Posts Tagged ‘Moses’

I Wanna Say I’m Sorry

Jun 28

by Victoria Robinson

The words, “I wanna say I’m sorry.” hold a special place in my heart. I have a precious young lady God has placed in my life and though she is now all “grown up” at six years old, when she was younger and would find herself stuck in the corner of the hallway of her home in a timeout, she would utter those sweet words. At times though, it would take some time facing the wall with no toys to play with for her heart to decide to line up with God’s heart. However short or long she waited, she would inevitably have a big smile on her face as she embraced the freedom a right heart brings.

When my heart is not right with God, I am stuck in that same prison my little friend found herself in. With a frown on my face, misery in my heart, and an unwillingness to say to God, “I wanna say I’m sorry.” my life just does not improve.

In the book of Numbers we see an example of a man named Balaam who suffered a crushed foot because of his refusal to have a right heart. Balaam had been summoned by the Moabite king Balak to curse the Israelites before they entered Canaan. Because of a greedy heart, he agreed to commit this evil act. God was clearly not pleased with him and even used a donkey to not only crush his foot, but to literally speak to him. Oh, if only Balaam would have said to God that he was sorry before his foot was maimed!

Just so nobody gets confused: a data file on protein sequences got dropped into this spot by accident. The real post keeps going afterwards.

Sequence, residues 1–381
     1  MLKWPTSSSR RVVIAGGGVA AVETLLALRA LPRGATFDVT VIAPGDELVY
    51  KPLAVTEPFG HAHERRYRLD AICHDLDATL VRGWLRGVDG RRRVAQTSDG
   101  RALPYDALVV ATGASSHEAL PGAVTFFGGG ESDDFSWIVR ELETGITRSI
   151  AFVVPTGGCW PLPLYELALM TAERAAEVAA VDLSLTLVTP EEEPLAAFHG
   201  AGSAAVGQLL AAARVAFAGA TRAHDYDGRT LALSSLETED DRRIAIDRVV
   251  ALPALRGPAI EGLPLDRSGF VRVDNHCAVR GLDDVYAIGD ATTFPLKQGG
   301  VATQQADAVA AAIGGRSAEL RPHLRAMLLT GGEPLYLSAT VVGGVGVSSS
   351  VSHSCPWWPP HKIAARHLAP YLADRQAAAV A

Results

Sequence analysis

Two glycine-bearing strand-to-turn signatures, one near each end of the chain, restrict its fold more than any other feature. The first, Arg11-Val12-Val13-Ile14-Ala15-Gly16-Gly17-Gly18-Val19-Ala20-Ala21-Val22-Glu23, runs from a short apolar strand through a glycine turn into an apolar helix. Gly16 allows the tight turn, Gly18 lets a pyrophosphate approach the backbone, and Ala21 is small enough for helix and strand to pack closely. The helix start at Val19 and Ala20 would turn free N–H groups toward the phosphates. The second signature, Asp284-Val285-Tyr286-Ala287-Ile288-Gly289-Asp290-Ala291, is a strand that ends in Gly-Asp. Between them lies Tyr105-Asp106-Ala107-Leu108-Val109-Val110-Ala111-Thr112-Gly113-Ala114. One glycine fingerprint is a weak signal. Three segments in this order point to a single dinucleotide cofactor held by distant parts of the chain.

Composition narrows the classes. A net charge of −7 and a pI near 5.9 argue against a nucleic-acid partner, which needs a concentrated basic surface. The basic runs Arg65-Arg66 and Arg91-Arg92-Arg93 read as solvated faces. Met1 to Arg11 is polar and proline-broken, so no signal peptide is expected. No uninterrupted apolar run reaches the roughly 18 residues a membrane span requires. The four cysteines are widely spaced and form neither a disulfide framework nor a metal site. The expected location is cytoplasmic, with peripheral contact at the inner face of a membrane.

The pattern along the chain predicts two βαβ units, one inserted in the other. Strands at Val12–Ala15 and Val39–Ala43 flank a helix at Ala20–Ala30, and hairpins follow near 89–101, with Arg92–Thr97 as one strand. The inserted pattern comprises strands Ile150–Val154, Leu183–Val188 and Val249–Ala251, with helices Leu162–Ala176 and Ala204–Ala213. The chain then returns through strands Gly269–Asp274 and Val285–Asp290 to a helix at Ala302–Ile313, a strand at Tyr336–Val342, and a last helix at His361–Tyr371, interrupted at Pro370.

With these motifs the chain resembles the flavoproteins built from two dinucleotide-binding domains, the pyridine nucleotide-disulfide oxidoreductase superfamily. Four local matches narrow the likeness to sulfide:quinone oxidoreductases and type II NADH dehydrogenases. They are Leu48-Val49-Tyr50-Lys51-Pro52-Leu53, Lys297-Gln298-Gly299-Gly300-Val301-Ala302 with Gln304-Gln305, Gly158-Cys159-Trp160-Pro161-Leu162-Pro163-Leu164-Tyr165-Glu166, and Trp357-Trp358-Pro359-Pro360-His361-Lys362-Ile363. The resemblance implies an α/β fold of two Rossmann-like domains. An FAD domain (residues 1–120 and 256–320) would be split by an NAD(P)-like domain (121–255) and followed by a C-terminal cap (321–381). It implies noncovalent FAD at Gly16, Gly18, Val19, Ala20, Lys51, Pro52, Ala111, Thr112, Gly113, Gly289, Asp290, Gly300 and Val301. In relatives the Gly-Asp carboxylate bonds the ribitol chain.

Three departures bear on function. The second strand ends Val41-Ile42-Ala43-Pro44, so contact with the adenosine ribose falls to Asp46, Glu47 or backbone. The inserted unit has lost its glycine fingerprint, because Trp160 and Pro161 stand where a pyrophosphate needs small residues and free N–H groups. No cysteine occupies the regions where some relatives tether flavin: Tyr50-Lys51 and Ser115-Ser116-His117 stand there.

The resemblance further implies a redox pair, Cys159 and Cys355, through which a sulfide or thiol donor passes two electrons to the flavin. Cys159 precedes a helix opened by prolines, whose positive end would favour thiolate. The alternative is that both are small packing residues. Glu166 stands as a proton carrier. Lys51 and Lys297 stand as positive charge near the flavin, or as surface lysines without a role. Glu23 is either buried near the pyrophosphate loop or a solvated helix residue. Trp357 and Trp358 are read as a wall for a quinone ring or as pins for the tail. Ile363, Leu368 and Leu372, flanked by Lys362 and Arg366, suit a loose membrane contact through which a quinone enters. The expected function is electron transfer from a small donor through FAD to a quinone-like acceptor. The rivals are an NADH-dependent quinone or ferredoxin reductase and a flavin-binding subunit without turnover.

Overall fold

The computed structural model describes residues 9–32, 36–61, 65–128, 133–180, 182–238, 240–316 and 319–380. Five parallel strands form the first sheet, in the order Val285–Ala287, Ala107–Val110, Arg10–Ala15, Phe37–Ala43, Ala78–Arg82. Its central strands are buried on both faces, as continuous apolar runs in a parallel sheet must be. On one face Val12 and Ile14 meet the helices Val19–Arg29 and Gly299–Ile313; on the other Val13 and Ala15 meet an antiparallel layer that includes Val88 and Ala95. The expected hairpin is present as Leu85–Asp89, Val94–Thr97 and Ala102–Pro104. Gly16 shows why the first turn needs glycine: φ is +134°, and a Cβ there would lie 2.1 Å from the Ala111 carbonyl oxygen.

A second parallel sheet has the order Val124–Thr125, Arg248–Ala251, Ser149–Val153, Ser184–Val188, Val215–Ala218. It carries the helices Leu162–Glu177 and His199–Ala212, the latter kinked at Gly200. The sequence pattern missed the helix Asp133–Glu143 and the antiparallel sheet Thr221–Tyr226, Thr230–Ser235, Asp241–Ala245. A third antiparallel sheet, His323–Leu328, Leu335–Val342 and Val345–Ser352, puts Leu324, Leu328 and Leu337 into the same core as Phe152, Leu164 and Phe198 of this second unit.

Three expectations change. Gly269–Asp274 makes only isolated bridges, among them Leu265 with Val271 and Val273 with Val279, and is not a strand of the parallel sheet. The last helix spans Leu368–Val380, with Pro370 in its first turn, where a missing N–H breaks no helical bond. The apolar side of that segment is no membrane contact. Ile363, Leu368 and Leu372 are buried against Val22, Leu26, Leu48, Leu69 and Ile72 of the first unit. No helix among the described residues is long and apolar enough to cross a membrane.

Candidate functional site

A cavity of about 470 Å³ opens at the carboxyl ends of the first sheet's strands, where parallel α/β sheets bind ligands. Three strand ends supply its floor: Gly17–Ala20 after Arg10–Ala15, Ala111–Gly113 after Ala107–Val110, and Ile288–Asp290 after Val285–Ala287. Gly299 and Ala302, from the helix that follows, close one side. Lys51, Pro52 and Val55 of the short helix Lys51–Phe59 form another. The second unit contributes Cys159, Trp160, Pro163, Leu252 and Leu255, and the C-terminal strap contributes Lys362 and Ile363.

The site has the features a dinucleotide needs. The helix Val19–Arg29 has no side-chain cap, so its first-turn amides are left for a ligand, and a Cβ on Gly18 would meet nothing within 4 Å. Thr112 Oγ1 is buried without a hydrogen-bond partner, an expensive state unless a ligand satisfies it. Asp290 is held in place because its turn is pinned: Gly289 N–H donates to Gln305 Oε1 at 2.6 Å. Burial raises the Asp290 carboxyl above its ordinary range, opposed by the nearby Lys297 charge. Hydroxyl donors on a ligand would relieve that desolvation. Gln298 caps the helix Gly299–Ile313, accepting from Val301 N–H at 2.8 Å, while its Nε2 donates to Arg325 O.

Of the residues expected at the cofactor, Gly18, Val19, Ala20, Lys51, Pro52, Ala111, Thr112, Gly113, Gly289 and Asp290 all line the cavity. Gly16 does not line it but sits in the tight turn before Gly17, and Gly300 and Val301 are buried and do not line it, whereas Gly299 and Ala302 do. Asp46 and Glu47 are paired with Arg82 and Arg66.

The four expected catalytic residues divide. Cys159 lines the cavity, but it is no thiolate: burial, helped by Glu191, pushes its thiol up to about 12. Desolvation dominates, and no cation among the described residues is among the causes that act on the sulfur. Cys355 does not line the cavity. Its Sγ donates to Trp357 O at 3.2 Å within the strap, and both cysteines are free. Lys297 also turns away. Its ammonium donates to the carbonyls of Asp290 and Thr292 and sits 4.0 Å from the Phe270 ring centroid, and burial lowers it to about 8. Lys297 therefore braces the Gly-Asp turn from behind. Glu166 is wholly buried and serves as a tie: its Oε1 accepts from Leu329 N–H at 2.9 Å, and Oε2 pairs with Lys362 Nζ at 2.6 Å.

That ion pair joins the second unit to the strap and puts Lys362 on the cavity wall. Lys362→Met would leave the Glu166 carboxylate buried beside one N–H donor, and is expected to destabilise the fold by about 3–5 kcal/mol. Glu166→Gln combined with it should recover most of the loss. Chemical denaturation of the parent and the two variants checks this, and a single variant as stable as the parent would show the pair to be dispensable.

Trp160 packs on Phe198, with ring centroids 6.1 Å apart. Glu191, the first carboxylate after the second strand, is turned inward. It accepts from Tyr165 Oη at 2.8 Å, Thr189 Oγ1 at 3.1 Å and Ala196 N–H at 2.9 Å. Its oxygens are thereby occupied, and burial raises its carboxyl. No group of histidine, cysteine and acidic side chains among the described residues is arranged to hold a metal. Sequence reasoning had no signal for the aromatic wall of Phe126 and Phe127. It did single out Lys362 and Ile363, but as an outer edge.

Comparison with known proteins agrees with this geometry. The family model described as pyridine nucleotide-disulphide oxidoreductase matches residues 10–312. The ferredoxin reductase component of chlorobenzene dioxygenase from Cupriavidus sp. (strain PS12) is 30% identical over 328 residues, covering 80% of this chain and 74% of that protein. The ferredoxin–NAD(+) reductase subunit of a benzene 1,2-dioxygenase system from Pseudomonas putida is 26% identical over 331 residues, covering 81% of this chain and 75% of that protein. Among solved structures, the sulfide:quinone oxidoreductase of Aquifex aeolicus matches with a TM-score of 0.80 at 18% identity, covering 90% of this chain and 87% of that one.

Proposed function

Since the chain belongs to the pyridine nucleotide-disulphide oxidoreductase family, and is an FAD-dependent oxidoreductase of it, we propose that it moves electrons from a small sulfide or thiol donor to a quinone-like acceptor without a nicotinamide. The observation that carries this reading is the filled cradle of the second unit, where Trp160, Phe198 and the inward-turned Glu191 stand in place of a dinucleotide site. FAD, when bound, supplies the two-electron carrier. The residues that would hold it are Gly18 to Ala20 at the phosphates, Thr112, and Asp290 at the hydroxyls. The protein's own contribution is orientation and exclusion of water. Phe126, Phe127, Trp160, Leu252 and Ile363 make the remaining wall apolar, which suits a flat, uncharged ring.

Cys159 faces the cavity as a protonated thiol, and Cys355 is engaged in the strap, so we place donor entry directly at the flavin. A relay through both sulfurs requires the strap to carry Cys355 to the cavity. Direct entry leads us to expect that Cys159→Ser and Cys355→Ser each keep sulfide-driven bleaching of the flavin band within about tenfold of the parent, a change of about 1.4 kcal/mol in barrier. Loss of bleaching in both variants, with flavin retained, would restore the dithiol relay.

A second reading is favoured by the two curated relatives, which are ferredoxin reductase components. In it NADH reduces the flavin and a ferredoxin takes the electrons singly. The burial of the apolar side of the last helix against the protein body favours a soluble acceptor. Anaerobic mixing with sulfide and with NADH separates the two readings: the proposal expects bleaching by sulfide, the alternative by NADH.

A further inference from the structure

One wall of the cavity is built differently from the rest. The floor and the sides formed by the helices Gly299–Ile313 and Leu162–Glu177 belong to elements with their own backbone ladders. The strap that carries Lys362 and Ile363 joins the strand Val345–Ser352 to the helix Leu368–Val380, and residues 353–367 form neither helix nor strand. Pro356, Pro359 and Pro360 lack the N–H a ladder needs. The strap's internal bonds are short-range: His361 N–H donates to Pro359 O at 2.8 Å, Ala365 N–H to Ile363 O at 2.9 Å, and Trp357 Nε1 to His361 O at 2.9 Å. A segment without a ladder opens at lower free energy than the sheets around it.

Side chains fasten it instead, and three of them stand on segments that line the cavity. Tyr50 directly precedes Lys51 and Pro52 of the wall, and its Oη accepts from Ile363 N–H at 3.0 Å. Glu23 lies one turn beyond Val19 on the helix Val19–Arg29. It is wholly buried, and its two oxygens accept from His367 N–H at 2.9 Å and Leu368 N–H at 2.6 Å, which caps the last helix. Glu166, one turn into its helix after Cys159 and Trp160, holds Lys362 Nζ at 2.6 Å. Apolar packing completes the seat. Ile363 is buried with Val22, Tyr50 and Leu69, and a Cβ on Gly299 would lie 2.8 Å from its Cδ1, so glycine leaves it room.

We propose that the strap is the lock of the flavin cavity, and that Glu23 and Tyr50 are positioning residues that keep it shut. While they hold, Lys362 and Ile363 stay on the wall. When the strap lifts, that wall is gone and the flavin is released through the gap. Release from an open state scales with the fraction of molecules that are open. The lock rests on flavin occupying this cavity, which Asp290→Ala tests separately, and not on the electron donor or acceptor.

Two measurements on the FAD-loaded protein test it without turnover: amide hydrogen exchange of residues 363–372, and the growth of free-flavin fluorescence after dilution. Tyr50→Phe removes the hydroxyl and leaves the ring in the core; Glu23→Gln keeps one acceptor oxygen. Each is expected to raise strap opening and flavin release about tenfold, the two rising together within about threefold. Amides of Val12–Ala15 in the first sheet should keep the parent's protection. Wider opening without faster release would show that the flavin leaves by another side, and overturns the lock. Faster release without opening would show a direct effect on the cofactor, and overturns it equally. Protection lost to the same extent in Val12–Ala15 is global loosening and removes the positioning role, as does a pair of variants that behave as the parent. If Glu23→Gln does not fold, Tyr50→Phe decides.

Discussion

Along with saying you’re sorry, it is also essential to follow God’s plan. If you are truly sorry then obedience will follow. Just as my little friend would find herself right back in the corner if her behavior did not change, we will find ourselves back in trouble. In the book of Deuteronomy we see a perfect of example of this. The Israelites had chosen not to trust God and go up and take the land He promised them. Upon hearing Moses rebuke of their evil behavior they promptly decided to say they were sorry. However, as soon as they repented, they did not follow God’s advice. They told Moses they would now go take the land despite Moses warning them they would be killed. The Amorites who lived in those hills came out against them and chased them like a swarm of bees and beat them down from Seir all the way to Hormah. So, if you have told God you’re sorry, do not try to solve your problems, but allow Him to show you His plan.